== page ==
(* The bride, usually in Hindu marriages, extends her leg for the
bridegroom on the rolling stone, for washing, as a ritual before Saptapati.
** Manamtha is also Uma's son vide Sri Soundarya Lahari.)

(Source: Stray Tamil Verses, K. Subramania Pillai, Shantha Publishers,
Chennai - 600 014.)

Arunachala Siva.

Coming next to Mohammed, his 'beloved disciple' was his nephew
Ali.  While still a boy, Ali was the first male accept Islam, being
preceded only by Mohammed's wife Khadija.  When Mohammed
had to flee from Mecca, it was the still youthful Ali, who took his
place in bed to delay discovery of his absence.  Coming to maturity,
Ali was given the prophet's marrage Fatima in marriage.  And all
''Syeds" or lineal descendent of Mohammed spring from this marriage.
He was one of the redoubtable champions of the early Muslims, in war and earned the name "Lion of Islam".  More importantly, he is
regarded as the repository of Islamic mysticism, and most of all the
Sufi initiatic orders trace their descent through him.  Indeed he has
been represented as the epitome of sainthood, as Mohammed is of

It is interesting to note that the chosen 'collborator' of the Master,
is not necessarily either his most advanced disciple or his successor.
In case of Buddha, the two most advanced disciples were held to
be Sariputra and Mogdylyna, both of whom predeceased him.  The
disciple who presided over the first Sangha after death of Buddha was not Ananda but Maha Kasypa. In the case of Christ, St. Peter is said
to have been architect of the Church and St. Paul was certainly
the architect of the doctrine.  In the casse of Mohammed, the immediate successor was Abu Bakr, the first caliph.  Umar the second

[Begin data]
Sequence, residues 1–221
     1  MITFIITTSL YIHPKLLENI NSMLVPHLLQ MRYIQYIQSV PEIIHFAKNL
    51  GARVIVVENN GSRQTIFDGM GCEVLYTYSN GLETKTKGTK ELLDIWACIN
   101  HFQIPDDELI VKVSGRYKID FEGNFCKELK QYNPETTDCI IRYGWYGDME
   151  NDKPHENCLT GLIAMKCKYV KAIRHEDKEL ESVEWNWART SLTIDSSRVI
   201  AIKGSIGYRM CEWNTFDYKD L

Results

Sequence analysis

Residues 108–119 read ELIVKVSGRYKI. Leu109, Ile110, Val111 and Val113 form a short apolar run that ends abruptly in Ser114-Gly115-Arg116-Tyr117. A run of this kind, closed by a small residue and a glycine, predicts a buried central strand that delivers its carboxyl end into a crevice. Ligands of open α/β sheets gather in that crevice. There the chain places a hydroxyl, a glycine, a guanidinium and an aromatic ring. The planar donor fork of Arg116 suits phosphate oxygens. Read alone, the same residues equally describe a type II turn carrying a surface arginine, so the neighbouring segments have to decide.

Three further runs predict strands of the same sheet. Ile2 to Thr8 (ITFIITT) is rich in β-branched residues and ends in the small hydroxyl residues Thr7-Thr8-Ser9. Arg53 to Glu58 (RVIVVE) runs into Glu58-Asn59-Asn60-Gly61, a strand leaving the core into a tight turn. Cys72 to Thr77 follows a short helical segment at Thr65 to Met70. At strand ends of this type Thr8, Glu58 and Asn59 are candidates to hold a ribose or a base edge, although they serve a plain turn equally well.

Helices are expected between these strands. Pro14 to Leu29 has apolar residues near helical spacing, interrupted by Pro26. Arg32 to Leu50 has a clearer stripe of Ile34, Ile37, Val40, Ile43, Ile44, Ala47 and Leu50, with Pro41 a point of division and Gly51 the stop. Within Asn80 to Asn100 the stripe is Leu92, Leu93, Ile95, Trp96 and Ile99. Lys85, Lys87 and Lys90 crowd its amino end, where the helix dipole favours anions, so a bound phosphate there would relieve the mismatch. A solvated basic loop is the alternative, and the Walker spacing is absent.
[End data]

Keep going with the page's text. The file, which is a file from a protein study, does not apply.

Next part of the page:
caliph was the founder of the Empire.  Uthman, the third caliph, drew
up the official, uniform text of the Koran.  Ali came only as fourth
caliph and was a very unsuccessful one at that.

(Source:  Be Still, It is the Wind that sings.  Arthur Osborne.)

Arunachala Siva.

In the Semitic tradition, we can trace back from Abraham, who rejected the corrupt polytheism and restored a simple primitive
monotheism.  He was accompanied in this venture, by his younger
brother Aaron.  In the earlier part, Moses also played a part. Moses
prevailed upon Pharoah to release the Hebrews from their slavery in Egypt.  Thus, while Moses was the supreme spiritual and temporal authority, Aaron was the Head of the spiritual organization.

The next stage is the decline of Hebrew tradition towards modernism.
There was the institution of kingship politically and there was also
the devotional type of worship, bhakti cult.  Here, we see David and
Solomon, where there was relationship of father and son. We have
David's Psalms, representing bhakti element.  Bhakti is naturally accompanied by tantras.  If David introduced Psalms, Solomon brought the Proverbs.   While David projected the Temple as the devotional centre of Israel, Solomon actually built the Temple.  He
was also the master of occult knowledge and powers, and the western astrology owes much to Solomon.

Just as the Koran refers to Abraham and Lot, Moses and Aaron,
David and Solomon, so it does to Jesus and John.  John is supposed
(symbolically) to be the at the foot of the Cross, during crucifixion.
Jesus at the Cross, bade his mother who was there, regard John as her son and bade John to regard her as his mother, and it is stated
that Mary lived thereafter in the house of John.

But who is this John?  The cousin of Jesus became John the Baptist.  He performed necessary function of giving Jesus the initiation of baptism, while speaking of himself as the forerunner and as of Jesus, as one, far greater than himself, whose shoe he was not worthy to fasten.  But he was arrested and afterwards executed by Herod.  He appears no more.  Then, there was "John the brother of James", who was one of the apostles.  But was he the same as the 'apostle whom Jesus loved most' and who is mentioned in the Gospel of St. John?  Was this John, the author of the Fourth Gospel?  And the Epistles of John? And of the Book of Revelations?  These questions do not concern us here.  But it is John, who was the collaborator for Jesus.

(Source:  Be Still, It is the Wind that sings. Arthur Osborne.)

Arunachala Siva.